Is John Casablancas Modeling School a Scam or a Fraud?


To Whom It May Concern:

I recently visited your site and thought it was excellent; it's one of the only sites out there with in-depth information.

I have a question...

Recently at my school we held a career fair with reps from John Casablancas attending. They took headshots of any students interested. They took one of me, and, surprisingly, I got called in for a meeting to discuss further programs in the industry.

Now, not all students who had a picture taken got called in, so in my eyes they must have seen some potential in me.

I went to the one-on-one meeting with my parents, and was told about what the company does and such.

The rep told me it would be in my best interests to start off with the acting industry, and possibly later on move onto modeling.

She recommended a program which cost CDN$995 for a three-month course.

Should I be leary of a scam? Knowing that this was not a mass casting call?

I am an Asian male, and they emphasized how males in my age range and ethnicity are in demand. I am 17, by the way.

The most attractive thing about taking this course is she mentioned we get to meet with Sean, an agent with all the connections.

Now she didn't promise any further jobs; she just said we take it as far as we want to.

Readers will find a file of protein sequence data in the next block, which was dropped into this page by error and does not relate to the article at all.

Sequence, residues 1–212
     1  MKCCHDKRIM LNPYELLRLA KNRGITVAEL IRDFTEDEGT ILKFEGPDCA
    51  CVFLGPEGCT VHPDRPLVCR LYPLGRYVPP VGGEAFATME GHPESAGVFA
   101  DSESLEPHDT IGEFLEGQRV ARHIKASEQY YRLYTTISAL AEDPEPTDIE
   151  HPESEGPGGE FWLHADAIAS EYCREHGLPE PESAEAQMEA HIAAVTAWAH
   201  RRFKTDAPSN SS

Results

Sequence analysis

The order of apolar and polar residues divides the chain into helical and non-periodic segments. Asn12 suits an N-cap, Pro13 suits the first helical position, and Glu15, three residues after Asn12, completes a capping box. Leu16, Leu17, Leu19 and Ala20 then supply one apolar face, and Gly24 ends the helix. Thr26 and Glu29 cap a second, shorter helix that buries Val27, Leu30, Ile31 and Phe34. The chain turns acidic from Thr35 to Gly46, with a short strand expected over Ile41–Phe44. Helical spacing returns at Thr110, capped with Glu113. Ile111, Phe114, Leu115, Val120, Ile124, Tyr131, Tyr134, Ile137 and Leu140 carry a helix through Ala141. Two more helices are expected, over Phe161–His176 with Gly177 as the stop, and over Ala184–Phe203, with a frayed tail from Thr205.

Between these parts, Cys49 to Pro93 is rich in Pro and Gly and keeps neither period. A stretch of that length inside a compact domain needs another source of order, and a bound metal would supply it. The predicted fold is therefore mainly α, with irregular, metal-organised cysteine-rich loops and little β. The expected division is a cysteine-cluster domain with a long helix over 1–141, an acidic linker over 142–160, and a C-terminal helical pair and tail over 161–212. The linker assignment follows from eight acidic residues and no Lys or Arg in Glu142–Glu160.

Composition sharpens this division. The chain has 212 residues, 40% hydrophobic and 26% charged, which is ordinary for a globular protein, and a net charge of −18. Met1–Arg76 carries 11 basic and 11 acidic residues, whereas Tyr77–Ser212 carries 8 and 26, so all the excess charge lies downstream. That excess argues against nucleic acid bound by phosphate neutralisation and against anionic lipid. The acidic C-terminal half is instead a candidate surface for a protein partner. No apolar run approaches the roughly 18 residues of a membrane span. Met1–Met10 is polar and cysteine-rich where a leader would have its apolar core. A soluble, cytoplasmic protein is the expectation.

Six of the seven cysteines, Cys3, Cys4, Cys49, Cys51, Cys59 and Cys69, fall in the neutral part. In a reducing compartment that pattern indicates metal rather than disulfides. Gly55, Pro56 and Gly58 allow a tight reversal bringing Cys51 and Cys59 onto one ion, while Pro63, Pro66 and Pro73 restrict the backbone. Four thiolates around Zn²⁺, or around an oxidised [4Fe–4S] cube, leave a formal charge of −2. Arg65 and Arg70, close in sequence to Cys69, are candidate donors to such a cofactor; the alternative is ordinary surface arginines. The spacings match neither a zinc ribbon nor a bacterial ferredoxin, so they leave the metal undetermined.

I am hesitant to sign up and pay the large fee. It would be appreciated if you could give me any advice.

Thank you,

K.W.


K.,

The first thing you would probably need to know is the rep is (most likely) paid by commission. She may only get paid if you sign up. The more people who she gets to sign up, the more she makes.

That may not seem like a big deal, but it is the opposite of how the industry works: talent agents make their income after the actor works. Thus there is no incentive to tell people what they want to hear.

Why did they recommend you for acting? Based on a headshot? What about acting? Did you read a script?

What are the qualifications of the JC representative? Is the rep not even a talent agent?

You didn't say you had any experience (e.g. high school or college) acting, or that you were interested in acting.

What are they offering at their school? Is it acting classes? You didn't say. Please elaborate. Until now letters about JC said they only offered modeling or charm classes, not acting classes.

Redacted Info


To Whom It May Concern: